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Rachel White


Retail HR Tech Specialist

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Retail domination: technology and the ever-changing face of HR in retail


It's HR in Retail month on HRZone! We're focusing on all things retail – check out our HR in retail hub to read all our great content!

Within the retail sector, both online and on the high street, wave after wave of new technologies and innovations have totally changed the customer experience, and they continue to do so.

Today it’s hard to imagine a world where we didn’t have the convenience of online shopping, while smartphone apps that do everything from allow customers to virtually try on clothes without even being in the store to collect all sorts of unique loyalty points and bonuses have made the shopping experience altogether more interactive and engaging.

On the other side of the counter too, HR and business leaders are grabbing onto the onslaught of new and innovative technologies to transform their HR processes and operations.

Technology has changed how retail organisations grow their workforces, manage their people and shape their organisations.

The ‘move’ to mobile

The technology discussion invariably begins – and often ends – with mobile. Every year’s list of HR trends heralds mobile as the ‘next big thing’ and the ‘new HR technology platform.

Newsflash: Mobile isn’t going to revolutionise the world of HR. Mobile isn’t something you should start paying attention to.

Mobile isn’t the next big thing. Mobile is here! Now! It’s been here for a long time, dominating how we communicate and interact with other people and the world around us. Anyone in HR who hasn’t already started thinking mobile is playing serious catch up.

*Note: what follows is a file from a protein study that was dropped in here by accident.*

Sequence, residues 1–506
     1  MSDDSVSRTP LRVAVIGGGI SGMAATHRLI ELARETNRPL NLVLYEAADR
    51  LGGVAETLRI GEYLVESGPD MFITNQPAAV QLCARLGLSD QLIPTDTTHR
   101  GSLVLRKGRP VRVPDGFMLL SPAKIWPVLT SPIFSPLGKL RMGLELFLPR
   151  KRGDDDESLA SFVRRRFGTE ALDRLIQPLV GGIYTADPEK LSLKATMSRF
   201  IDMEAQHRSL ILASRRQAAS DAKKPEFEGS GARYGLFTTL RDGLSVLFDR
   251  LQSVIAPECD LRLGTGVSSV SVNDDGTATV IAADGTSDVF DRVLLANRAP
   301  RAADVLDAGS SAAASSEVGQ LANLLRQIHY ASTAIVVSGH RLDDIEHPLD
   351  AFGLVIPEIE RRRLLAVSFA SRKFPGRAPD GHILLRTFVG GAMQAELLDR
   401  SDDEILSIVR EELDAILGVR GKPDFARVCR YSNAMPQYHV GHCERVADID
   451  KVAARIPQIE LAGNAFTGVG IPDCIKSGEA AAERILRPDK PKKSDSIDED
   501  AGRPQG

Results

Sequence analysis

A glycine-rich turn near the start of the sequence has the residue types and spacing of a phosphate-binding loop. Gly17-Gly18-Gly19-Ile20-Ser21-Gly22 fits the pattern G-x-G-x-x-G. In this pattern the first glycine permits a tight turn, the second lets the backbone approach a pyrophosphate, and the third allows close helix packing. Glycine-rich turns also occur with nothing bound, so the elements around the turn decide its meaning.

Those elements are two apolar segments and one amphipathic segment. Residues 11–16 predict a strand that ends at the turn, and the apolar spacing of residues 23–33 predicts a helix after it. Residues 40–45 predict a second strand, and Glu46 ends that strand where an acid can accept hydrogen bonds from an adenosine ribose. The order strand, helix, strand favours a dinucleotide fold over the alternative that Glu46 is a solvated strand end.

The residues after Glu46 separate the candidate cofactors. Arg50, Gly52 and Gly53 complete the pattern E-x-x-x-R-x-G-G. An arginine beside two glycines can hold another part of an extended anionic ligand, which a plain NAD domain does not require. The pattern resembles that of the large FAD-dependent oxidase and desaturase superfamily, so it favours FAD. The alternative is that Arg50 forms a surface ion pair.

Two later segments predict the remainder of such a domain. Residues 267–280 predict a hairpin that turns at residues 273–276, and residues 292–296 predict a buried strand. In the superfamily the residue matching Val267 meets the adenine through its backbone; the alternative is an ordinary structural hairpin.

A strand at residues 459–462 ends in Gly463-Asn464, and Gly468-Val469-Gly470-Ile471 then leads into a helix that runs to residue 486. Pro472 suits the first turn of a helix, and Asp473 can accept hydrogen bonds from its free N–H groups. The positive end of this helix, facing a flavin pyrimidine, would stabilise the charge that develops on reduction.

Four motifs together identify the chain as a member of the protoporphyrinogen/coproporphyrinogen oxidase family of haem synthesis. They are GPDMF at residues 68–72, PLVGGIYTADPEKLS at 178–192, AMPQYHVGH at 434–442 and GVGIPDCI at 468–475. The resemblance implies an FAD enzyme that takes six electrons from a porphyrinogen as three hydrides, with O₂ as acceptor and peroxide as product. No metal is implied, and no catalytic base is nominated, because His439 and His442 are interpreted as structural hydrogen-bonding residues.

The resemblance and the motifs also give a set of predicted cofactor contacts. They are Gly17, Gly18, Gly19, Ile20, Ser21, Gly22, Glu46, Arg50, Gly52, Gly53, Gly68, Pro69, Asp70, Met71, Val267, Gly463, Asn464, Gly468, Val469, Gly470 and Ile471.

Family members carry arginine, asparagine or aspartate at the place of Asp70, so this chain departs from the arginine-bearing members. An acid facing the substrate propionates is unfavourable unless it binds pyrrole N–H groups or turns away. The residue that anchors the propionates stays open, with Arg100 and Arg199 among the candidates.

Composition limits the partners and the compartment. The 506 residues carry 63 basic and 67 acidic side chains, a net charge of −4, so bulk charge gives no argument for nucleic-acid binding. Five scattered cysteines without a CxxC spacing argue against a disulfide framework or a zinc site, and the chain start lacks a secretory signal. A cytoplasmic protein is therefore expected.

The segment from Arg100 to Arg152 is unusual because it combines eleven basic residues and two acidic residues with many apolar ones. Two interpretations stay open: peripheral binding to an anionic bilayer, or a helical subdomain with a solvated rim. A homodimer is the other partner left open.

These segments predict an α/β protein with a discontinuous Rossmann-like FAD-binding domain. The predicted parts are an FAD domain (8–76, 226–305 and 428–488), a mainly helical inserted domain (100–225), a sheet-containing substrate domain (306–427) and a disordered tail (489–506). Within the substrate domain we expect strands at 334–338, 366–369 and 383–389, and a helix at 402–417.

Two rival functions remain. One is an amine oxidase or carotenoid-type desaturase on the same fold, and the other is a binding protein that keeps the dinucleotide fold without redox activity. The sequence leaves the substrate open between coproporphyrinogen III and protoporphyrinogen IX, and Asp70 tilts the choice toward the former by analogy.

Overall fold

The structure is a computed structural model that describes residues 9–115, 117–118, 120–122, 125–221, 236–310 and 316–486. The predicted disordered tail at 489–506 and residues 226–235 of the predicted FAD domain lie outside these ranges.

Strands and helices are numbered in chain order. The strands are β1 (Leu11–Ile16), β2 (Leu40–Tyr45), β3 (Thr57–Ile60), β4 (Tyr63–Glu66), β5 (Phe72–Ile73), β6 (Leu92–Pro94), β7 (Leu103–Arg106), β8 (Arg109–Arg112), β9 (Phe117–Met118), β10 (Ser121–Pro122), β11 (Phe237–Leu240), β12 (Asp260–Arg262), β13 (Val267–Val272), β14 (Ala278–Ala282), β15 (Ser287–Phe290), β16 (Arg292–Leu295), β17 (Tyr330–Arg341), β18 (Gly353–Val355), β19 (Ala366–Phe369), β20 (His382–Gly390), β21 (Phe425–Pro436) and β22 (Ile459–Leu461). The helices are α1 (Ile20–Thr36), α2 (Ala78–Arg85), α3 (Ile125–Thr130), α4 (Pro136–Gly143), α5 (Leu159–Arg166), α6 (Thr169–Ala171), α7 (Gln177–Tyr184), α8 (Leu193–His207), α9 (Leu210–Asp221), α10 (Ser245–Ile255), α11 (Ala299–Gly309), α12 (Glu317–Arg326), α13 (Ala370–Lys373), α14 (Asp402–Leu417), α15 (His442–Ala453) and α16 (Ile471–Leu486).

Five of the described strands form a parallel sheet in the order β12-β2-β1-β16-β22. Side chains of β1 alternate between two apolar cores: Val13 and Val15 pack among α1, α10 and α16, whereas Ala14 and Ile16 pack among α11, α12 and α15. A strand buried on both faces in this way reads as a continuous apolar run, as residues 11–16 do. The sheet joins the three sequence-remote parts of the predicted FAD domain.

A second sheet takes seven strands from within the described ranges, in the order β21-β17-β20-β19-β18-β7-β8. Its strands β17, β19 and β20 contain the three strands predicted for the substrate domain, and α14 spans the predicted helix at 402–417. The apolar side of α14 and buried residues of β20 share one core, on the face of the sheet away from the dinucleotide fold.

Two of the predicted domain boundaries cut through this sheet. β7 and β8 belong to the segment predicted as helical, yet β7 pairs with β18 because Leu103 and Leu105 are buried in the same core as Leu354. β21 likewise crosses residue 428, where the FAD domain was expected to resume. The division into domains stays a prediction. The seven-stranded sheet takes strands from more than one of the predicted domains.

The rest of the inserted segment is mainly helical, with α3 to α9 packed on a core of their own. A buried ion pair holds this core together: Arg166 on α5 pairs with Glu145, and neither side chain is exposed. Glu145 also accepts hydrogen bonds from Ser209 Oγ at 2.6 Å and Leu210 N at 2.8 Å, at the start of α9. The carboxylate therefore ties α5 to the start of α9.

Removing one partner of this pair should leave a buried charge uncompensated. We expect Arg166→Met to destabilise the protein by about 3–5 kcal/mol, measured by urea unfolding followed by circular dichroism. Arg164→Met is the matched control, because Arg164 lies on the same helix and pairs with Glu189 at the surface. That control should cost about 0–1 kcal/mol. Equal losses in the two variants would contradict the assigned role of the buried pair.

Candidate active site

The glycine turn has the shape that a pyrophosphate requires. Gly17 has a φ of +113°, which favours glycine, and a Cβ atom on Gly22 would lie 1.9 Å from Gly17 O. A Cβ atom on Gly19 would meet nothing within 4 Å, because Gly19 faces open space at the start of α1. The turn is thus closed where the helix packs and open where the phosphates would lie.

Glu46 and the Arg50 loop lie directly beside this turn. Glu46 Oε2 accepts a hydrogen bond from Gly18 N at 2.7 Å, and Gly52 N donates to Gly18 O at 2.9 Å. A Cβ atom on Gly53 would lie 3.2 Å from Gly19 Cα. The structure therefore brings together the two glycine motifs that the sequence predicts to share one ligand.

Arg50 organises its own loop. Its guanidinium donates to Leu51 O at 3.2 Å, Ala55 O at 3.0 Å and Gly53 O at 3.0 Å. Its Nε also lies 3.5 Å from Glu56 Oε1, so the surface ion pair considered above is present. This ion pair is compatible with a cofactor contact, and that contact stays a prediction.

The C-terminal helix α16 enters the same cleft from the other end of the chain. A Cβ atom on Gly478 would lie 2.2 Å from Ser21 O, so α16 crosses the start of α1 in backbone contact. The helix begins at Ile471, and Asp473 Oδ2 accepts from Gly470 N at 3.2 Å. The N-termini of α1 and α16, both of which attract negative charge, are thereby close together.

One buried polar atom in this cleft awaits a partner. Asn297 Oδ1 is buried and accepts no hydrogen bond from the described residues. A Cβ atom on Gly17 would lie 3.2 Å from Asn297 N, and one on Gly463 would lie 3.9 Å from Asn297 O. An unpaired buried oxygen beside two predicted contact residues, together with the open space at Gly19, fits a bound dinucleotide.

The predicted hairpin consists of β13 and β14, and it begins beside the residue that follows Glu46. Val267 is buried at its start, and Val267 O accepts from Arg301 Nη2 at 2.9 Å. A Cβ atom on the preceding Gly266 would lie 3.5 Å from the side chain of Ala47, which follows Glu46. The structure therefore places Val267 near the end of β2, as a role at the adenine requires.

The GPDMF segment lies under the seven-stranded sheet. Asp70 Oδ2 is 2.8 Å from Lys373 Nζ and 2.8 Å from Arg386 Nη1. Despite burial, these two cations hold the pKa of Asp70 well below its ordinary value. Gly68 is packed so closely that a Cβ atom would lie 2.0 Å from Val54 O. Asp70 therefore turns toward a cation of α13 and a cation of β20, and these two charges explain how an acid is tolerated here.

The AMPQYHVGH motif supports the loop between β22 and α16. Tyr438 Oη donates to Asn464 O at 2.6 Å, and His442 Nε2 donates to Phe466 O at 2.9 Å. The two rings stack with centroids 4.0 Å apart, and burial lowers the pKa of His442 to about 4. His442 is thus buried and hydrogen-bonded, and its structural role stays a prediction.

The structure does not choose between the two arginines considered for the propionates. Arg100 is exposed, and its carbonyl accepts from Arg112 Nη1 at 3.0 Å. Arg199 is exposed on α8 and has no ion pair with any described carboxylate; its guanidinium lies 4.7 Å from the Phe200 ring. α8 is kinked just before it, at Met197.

Mobile is and should be inherent in virtually all aspects of your HR technology for retail. It’s fundamental to the employee experience and no longer exists as a trend in and of itself. Let’s step beyond mobile and look at some of the key technology trends that are helping savvy organisations dominate the retail space.

Building a winning workforce

There’s no doubt about it, a talented and engaged workforce is one of the most significant competitive advantages a retail organisation can have. But with the ever-present ‘war on talent’ the challenge for organisations is building a workforce that helps them win.

This is particularly true in the retail sector, where predominantly young workforces, regularly changing staffing requirements and high employee turnover present a unique set of challenges.

Leading organisations are turning to the advanced capabilities of HR technology to tackle these challenges. Using social recruitment tools and advanced recruitment tools such as video interviewing, organisations are speeding up the recruitment process and making it easier to target the right kind of candidates.

Then there’s onboarding and training. Some of the biggest names in retail are taking an approach to onboarding that begins before a new hire even arrives in store, and they’re using HR technology to enable this.

Training videos, such as how to fold and present clothes, and documentation are being delivered to new recruits via personalised dashboards, helping them to hit the ground running on day one.

If effective recruiting is the foundation of a winning workforce, then talent management forms the walls, windows and roof of the operation.

Again, technology is changing how organisations approach this. Continuous feedback and 360 reviews are replacing the annual review and gamification tools are changing the way employees interact with each other and with the organisation as a whole.

A new approach to workforce management

Perhaps the single biggest impact technology is having on the world of HR in the retail sector is in the area of workforce management. Paper-based processes, hand-written rosters and inefficient time and attendance tracking have long been the bane of retail managers’ working lives.

For a while now, HR technology systems have enabled the streamlining of many of these processes – or at least they should have – and saved significant amounts of time in the process. But now technology is taking things a step further and automating the processes completely.

In many organisations, managers could be wasting up to 20% of their working week rostering their teams.